Are Websites Still Necessary?
Is a Facebook page currently the only online presence for your business, and is it enough? Should you really bother to create a time consuming or costly website?
As the former executive director of the Calaveras Visitors Bureau and the creator of the GoCalaveras.com website (which has since been redeveloped), I looked into the web presence for all Calaveras County, California tourism-related businesses. This was in order to create content for them on the new website.
What I discovered was that although almost all businesses had a Facebook page, a significant number had no website at all. Even some of the top tourism businesses in the county had websites in significant need of updating for mobile responsiveness, user-engagement, social media marketing integration, and smart navigation. But is this even a problem in the age of social media? Are websites still necessary?
Many small businesses rely on Facebook for their only online presence
It seems many businesses believe that their Facebook page is a good substitute for any other web presence, and this appears to be a good strategy… on the surface. Posting social media content is free and rewarding. After all, you get to see all the likes and new followers in real time and you can engage with them first-hand. Facebook is also the largest social media platform by far, and a highly recommended part of your marketing strategy by all marketing experts. So, yes. It is an essential tool in today’s marketing toolkit. But is it a good substitute for a website? Unfortunately, the answer is a definite no, and here’s why:
Managing your brand
With Facebook, brand control consists of trying to convey your business’s unique brand in your profile photo/carousel/video and the About Us section, within Facebook’s own branding. Another place to add top level information is in a pinned post to the top of the page, but this only shows in your followers’ feeds when first posted. So unless someone is coming to your Facebook page for the first time, or looking specifically for more information, they probably won’t find it.
As you make regular posts on Facebook (one per day is recommended), all previous posts are pushed lower into your feed. This means important information can be lost because virtually no one is looking through your entire feed for more information. Facebook is not designed to be an online brochure for your business. It is designed to be a news announcer.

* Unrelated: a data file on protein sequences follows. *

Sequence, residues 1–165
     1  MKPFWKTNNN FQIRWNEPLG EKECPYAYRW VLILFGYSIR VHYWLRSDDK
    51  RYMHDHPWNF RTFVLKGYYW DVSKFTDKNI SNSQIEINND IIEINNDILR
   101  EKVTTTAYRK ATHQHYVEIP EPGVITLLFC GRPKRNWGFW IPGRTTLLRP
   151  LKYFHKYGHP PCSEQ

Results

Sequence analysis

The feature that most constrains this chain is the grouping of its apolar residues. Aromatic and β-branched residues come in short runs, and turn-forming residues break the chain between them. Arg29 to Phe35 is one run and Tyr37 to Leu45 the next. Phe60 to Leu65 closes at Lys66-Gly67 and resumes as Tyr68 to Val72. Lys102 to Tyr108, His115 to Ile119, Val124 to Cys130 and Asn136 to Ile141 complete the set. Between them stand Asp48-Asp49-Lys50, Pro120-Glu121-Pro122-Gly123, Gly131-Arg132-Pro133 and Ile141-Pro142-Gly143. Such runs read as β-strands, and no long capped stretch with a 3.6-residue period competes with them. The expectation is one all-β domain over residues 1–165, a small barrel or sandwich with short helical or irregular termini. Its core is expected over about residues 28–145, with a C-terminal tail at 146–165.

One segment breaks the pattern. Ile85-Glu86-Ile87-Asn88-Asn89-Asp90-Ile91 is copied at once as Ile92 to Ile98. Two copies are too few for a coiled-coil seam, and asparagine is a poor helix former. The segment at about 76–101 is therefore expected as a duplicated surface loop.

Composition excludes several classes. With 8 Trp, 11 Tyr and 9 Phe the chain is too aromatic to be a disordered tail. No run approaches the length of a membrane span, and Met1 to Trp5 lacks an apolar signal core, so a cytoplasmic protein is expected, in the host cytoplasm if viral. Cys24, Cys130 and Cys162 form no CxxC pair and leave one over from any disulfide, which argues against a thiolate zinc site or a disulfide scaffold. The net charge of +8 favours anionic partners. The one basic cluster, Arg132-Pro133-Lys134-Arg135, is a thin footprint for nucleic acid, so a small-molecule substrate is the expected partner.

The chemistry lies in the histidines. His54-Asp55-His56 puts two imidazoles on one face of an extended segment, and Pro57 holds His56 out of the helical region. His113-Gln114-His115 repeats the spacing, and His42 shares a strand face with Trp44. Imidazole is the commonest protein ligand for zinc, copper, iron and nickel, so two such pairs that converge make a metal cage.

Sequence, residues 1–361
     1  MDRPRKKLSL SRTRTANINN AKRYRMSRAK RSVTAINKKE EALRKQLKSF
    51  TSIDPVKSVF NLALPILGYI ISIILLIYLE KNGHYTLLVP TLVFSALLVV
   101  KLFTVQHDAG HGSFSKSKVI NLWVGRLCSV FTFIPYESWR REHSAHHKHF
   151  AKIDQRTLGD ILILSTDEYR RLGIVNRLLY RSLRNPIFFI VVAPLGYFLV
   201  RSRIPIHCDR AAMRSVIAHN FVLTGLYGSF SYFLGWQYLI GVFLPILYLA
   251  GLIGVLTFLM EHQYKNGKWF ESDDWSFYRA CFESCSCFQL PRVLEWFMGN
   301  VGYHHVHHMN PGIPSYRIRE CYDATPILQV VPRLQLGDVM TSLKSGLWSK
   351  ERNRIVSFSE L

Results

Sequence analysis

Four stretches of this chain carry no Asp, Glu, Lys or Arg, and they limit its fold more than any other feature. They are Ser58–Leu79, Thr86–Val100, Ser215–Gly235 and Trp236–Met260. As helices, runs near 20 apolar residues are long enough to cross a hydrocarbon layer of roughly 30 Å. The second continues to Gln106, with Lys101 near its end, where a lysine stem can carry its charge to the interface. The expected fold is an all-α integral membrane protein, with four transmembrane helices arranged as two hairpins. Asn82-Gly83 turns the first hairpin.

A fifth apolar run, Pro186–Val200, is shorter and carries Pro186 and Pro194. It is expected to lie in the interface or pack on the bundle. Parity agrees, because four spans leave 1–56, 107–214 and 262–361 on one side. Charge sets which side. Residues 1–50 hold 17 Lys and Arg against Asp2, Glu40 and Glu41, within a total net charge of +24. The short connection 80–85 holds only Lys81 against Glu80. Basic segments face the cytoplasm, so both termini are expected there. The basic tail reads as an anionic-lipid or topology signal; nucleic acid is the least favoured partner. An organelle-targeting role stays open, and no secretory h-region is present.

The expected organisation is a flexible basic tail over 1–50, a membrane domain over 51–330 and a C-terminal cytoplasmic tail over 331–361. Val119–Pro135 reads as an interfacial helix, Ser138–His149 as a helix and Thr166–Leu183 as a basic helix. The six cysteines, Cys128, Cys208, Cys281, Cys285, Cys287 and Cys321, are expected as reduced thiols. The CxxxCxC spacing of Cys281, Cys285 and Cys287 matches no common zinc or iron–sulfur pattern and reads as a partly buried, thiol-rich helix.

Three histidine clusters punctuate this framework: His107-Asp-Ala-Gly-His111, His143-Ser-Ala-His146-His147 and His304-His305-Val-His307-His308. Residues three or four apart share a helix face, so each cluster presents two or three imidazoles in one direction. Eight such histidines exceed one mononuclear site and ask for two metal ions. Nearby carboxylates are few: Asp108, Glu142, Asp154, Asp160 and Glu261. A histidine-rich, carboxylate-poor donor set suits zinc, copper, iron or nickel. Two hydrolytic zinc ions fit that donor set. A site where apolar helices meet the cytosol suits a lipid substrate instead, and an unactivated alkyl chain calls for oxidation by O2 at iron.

Unlike Facebook, a carefully crafted website allows you to keep all of the most important, relevant information front and center on your home page at all times. A good web designer will make it easy for you to update that information when needed; the entire design of the site will reflect your brand and will lead visitors through the sales funnel to your conversion goals.
Lead generation and ownership
Well designed email marketing results in the highest ROI of all marketing strategies. This means that generating leads you can use independently of Facebook or any other social media platform will perform best for your business. A simple newsletter sign-up form on your website will generate leads interested in your brand. With an integrated email marketing platform, you can segment your audience, and analyze the individual results of each campaign. You can literally see who opens your emails and what they click through to, enabling you to customize content to individual preferences.
Obviously, you can market to your Facebook followers and target market segments with paid advertising through Facebook but Facebook retains ownership of those leads. A website allows you to obtain ownership to those leads by driving visitors from your FB posts to a conversion point like signing up to your newsletter and/or purchasing your product.
Here’s what to include on your website
So, are websites still necessary in the age of social media? The simple answer is that a Facebook business page does not take the place of a website. Both have an important place in your overall marketing strategy.
Facebook is great at communicating your latest news and generating online interest, but a website is invaluable for conveying the overall brand of your business. If you don’t have the budget for a professionally designed website, consider developing one yourself using easy drag and drop web-developing and hosting platforms like Wix and SquareSpace. Too busy running your business or intimidated about tackling this on your own? A web developer is not necessarily out of your budget range. Here are some things to look out for:
- Your new website should include a CMS (content management system) allowing you to easily modify digital content. Updates to the finished website should not rely on your web designer. Find someone who will train you and your team (if you’re lucky enough to have one) to make simple updates so you’re not saddled with a website showing outdated information.
- The majority of internet users are navigating to your website via their smart phones. That means your site must be mobile responsive, and has to look good and function well on mobile, tablet and desktop.
- Leverage all of your content by integrating your marketing platforms. Include social media sharing on every page of your website, as well as links to your own social media pages.
- Integrate Google Analytics into your website FREE so you can see what content your visitors are engaging with most and how they’re navigating through your site.
- Use free tools to integrate your Facebook page and website; Set up a Facebook pixel to track users navigating to your website through your Facebook ads for conversion rates and retargeting. Upload your newsletter subscriber list to Facebook to create look-alike audiences for paid advertising.